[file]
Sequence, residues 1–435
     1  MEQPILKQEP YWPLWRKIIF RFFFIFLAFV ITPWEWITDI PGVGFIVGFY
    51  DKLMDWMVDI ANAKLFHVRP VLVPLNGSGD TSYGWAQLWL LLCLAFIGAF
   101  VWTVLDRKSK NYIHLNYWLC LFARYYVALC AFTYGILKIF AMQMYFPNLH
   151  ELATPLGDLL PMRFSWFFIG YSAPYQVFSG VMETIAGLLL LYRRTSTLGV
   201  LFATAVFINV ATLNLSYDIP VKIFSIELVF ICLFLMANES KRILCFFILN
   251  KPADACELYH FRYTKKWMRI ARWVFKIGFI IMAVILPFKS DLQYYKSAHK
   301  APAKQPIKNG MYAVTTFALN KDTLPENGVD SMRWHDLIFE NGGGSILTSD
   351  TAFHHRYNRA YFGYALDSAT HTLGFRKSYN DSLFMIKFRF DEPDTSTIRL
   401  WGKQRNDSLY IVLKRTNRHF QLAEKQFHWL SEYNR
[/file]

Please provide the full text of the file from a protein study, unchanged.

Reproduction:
Sequence, residues 1–435
     1  MEQPILKQEP YWPLWRKIIF RFFFIFLAFV ITPWEWITDI PGVGFIVGFY
    51  DKLMDWMVDI ANAKLFHVRP VLVPLNGSGD TSYGWAQLWL LLCLAFIGAF
   101  VWTVLDRKSK NYIHLNYWLC LFARYYVALC AFTYGILKIF AMQMYFPNLH
   151  ELATPLGDLL PMRFSWFFIG YSAPYQVFSG VMETIAGLLL LYRRTSTLGV
   201  LFATAVFINV ATLNLSYDIP VKIFSIELVF ICLFLMANES KRILCFFILN
   251  KPADACELYH FRYTKKWMRI ARWVFKIGFI IMAVILPFKS DLQYYKSAHK
   301  APAKQPIKNG MYAVTTFALN KDTLPENGVD SMRWHDLIFE NGGGSILTSD
   351  TAFHHRYNRA YFGYALDSAT HTLGFRKSYN DSLFMIKFRF DEPDTSTIRL
   401  WGKQRNDSLY IVLKRTNRHF QLAEKQFHWL SEYNR